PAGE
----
I let go of god in my early teens and despite all the efforts to be dragged and pulled back into that closet, I never did.

I came out in my early twenties as a lesbian – and sadly after university, which, looking back, really would have been the place to come out, since university was pretty much a veritable buffet of women.

So, no wonder then that religious fundies want to keep women from being educated and limit what and how that education is done.

8 thoughts on “Coming Out Atheist

  1. Pingback: Blind Patriotism and Religionism | Random Ntrygg

  2. You’re welcome.

    The nice thing is that it’s not that difficult to function as an atheist in the world and be closeted. You simply refrain from religious discussion and activities and very few people will even notice.

    But, it’s not possible to be truthful and gay without telling – after a while, you get to be “of a certain age” beyond which roommate is not a white lie that people will continue to accept.

    Especially if you have the same one a long time or a whole dramatic series of them when you never seem to date anyone….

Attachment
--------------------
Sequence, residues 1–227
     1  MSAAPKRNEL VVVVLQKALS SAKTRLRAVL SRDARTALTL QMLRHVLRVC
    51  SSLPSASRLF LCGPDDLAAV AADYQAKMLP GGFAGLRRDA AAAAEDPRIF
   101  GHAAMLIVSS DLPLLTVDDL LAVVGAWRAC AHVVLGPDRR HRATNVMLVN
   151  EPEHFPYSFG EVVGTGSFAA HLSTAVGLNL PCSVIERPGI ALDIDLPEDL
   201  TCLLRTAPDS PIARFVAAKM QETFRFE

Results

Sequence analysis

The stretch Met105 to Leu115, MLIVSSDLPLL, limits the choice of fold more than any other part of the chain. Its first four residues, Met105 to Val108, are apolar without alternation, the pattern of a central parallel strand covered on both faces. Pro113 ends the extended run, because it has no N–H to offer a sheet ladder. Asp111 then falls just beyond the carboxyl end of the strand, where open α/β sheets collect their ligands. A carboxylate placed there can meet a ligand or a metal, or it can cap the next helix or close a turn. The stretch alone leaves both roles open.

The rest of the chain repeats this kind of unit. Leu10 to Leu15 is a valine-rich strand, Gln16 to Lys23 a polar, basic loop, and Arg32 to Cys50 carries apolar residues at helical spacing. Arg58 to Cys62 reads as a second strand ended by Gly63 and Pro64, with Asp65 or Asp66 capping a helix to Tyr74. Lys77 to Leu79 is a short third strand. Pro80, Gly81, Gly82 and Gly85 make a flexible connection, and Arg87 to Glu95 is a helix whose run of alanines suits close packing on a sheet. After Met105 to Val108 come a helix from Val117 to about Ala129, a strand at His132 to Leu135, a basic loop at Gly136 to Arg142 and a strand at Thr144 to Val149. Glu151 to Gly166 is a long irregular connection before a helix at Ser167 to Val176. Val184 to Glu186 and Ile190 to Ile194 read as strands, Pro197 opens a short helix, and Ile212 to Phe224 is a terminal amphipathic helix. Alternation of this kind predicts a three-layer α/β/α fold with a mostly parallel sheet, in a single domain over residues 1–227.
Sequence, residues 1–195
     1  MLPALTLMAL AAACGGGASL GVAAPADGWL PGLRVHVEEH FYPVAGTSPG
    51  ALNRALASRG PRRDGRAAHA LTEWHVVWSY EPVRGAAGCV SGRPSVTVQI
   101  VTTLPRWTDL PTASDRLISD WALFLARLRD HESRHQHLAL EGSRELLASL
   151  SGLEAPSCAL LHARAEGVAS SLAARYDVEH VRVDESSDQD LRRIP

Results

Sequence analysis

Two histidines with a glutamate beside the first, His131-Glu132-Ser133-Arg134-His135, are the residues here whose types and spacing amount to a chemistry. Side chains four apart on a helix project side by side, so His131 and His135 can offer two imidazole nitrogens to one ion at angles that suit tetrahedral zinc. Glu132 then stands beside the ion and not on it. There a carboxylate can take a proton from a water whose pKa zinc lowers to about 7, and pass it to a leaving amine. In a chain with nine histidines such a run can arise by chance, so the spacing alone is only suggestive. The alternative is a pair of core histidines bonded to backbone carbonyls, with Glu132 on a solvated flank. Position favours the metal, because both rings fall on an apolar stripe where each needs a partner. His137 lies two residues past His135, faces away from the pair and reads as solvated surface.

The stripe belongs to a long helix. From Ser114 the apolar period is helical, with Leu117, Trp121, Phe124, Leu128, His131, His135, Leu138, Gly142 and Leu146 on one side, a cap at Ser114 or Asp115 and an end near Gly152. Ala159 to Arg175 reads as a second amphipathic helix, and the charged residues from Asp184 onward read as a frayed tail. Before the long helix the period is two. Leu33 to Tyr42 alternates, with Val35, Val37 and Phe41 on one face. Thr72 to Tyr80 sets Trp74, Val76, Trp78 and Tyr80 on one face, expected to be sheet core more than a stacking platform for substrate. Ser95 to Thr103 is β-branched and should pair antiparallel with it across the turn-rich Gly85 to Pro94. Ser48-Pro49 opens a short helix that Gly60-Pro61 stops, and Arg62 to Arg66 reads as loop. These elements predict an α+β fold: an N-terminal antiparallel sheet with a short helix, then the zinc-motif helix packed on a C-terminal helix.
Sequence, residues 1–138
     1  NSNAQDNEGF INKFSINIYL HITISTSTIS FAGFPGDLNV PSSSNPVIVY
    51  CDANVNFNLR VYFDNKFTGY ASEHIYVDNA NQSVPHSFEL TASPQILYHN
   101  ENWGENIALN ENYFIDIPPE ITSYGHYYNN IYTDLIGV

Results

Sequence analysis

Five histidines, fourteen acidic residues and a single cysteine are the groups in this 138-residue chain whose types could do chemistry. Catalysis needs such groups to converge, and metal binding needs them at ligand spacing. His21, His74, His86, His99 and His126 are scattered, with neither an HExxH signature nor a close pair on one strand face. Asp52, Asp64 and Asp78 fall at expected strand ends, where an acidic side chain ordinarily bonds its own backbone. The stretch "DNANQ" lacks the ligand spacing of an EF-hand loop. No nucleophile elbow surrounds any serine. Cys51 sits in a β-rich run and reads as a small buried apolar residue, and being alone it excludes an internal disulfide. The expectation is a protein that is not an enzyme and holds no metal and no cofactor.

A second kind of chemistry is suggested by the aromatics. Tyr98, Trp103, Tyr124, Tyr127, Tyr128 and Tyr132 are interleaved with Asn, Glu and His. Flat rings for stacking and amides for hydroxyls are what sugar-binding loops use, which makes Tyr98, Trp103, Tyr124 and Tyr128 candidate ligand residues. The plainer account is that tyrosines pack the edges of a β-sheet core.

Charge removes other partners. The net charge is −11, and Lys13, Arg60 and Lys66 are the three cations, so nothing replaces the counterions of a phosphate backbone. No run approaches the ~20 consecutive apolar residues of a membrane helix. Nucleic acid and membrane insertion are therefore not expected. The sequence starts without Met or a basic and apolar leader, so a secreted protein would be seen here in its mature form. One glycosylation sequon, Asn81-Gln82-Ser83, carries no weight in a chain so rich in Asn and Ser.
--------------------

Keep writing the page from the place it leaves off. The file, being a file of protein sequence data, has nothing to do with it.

When I was first out as a lesbian, it seemed vital to tell everyone either directly or through appearance – and it was vital then – we know that homophobia is reduced when people know that they know a gay person.

    But, we’re beyond that stage now – now in so many countries, the message needs to be that gay people have the same needs and desires as anyone else – to be loved, to have security of home and hearth, which necessarily means equal rights.

    To me, the way to know if telling someone now is more about do I need to change the way this person acts around me.

    I have stopped being friends with people who were racist, even though my ex friend and I were the same visual race but I value everyone and she didn’t – and I didn’t need that non-sense around me and she was unwilling to understand why her racist attitudes weren’t acceptable.

    I accept that there’s a limit that you can raise someone up when they are unwilling to be able to get over their prejudices, they need to work things out on their own if that enlightenment is going to last or mean anything.